Many would argue that a film should hold up just fine no matter the medium, and I’m not about to defend the weaknesses of Bullock’s character’s arc or certain stretches of Gravity’s dialogue. But with movies of this sort of technological caliber, there is absolutely a visceral, goosebump-inducing facet to the widescreen, 3D visual experience—a substance that’s inherent to what some have labeled as hollow style. I can recall the sheer beauty of Avatar actually bringing me to tears, if only because I profoundly appreciated what great leaps the film had clearly taken within the cinematic medium. But, then, I also had what I’ll call the best seat in the house, at the finest IMAX theater I’ve attended. When still living in Philly, I caught Avatar at the United Artists theater in King of Prussia, and sat on the edge of a mid-level mezzanine, in front of a screen that was nearly as tall as it was wide. When Jake Sully climbed vines to reach those floating mountains, I climbed too, in what felt like midair.
So, back to the front row. Is there anyone out there who likes it? Is there anyone who actually hopes to get a seat all the way in the front? The term “front-row seat” has become a near-indisputable positive in our culture, even used as an expression to describe being close to any notable event. For a live concert or even a theatrical production, it’s generally a good thing, because there’s still an entire stage and actual humans occupying space in front of you, not a flat screen against which your face is practically smushed. A 3D film can do a lot of things, but it cannot magically create the intimate, personal breathing room of front row seats at a stage show. The fact is, the front rows of movie theaters are preposterously close to the screen, and almost never yield a positive experience. Even my “fondest” memory of front-row seating is laced with pain. I saw Brokeback Mountain in the front row of a small theater near my hometown, and my neck was terribly sore by the time Heath Ledger looked longingly at his precious pair of shirts. This was in the wake of my own coming-out, and in a mix of guilt and dedication, I decided it was somehow appropriate that I endured physical torment watching this film, which I lied about going to see.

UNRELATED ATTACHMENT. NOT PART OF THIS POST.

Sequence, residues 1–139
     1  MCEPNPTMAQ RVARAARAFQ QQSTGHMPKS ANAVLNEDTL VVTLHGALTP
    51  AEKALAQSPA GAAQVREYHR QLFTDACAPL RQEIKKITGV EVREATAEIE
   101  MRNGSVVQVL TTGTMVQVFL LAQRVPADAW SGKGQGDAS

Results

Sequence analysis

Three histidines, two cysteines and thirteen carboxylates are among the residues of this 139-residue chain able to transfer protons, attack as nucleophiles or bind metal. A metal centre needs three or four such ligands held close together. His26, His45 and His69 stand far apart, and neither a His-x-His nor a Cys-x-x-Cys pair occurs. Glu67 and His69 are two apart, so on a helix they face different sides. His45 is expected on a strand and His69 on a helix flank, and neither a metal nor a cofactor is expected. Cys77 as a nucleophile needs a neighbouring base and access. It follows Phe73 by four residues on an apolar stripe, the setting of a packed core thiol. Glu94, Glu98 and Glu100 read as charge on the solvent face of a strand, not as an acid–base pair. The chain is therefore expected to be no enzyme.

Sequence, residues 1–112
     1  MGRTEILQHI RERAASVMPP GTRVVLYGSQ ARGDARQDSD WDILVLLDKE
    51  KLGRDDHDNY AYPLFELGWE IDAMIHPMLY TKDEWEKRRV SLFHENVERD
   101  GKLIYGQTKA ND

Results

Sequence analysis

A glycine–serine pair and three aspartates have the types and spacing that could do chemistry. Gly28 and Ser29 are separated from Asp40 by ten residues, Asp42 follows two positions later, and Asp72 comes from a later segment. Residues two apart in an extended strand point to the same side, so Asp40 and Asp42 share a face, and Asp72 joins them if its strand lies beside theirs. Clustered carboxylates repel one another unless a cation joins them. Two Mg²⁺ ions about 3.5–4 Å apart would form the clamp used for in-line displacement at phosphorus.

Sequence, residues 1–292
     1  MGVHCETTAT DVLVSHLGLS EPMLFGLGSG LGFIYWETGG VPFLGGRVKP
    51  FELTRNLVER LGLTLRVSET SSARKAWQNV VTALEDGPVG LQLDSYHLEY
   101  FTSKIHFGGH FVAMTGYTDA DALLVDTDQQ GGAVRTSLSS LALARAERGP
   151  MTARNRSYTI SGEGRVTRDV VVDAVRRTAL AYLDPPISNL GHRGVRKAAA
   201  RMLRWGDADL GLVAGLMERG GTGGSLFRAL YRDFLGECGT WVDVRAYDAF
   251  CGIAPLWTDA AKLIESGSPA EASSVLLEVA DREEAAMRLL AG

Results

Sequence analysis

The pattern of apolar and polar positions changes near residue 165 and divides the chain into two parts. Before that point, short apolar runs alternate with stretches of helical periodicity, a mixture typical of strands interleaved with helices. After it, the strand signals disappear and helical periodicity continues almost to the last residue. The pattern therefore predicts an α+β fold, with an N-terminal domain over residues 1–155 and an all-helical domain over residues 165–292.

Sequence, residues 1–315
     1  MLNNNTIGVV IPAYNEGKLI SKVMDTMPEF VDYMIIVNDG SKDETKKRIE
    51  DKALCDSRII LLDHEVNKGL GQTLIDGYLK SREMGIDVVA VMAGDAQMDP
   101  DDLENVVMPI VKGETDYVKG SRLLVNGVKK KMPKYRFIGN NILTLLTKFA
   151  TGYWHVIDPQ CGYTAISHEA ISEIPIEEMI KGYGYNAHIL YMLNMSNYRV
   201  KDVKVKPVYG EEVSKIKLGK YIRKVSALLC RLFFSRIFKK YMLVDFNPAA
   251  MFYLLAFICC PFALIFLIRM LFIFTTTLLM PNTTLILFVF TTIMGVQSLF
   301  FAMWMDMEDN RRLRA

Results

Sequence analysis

But to hell with all that. Front-row seating as a positive in regard to movies is a myth and a sham. If I’m to learn anything from my Gravity experience, it’s yet another lesson pertaining to my terrible habit of lateness. That’s what the front row truly is: it’s a dumping ground for latecomers, a moshpit for the hoi polloi who get off on the wrong stop on the 7 train, and instead of jumping and screaming, keep their rage inside until it radiates into their aching necks. I will say that I’m deeply pleased I walked into a packed house for this film, a soulful and minimalistic artwork despite its flaws, and a movie that has nothing to do with superheroes or fantasy brands. That was one more benefit of finally ditching the front row and moving up to the stairs: I got to see the rest of the crowd entranced by Cuarón’s creation, watching the enveloping experience—from good seats.